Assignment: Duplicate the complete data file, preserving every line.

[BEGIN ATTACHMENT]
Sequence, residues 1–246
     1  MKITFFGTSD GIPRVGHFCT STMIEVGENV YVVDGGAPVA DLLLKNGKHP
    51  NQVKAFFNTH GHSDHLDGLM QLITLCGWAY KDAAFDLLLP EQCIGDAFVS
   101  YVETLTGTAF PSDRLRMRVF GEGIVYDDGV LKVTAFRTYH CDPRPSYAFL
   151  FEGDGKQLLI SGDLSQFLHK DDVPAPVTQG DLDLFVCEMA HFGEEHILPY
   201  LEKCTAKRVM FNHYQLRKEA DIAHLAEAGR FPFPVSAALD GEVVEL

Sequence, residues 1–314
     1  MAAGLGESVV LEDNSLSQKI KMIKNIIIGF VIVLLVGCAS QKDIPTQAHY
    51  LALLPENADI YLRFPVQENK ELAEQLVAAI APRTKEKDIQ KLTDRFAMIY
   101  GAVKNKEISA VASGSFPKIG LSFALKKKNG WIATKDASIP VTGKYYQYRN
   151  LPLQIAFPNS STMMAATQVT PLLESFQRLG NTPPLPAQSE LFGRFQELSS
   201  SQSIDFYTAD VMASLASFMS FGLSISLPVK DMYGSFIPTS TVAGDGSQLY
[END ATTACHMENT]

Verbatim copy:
Sequence, residues 1–246
     1  MKITFFGTSD GIPRVGHFCT STMIEVGENV YVVDGGAPVA DLLLKNGKHP
    51  NQVKAFFNTH GHSDHLDGLM QLITLCGWAY KDAAFDLLLP EQCIGDAFVS
   101  YVETLTGTAF PSDRLRMRVF GEGIVYDDGV LKVTAFRTYH CDPRPSYAFL
   151  FEGDGKQLLI SGDLSQFLHK DDVPAPVTQG DLDLFVCEMA HFGEEHILPY
   201  LEKCTAKRVM FNHYQLRKEA DIAHLAEAGR FPFPVSAALD GEVVEL

Sequence, residues 1–314
     1  MAAGLGESVV LEDNSLSQKI KMIKNIIIGF VIVLLVGCAS QKDIPTQAHY
    51  LALLPENADI YLRFPVQENK ELAEQLVAAI APRTKEKDIQ KLTDRFAMIY
   101  GAVKNKEISA VASGSFPKIG LSFALKKKNG WIATKDASIP VTGKYYQYRN
   151  LPLQIAFPNS STMMAATQVT PLLESFQRLG NTPPLPAQSE LFGRFQELSS
   201  SQSIDFYTAD VMASLASFMS FGLSISLPVK DMYGSFIPTS TVAGDGSQLY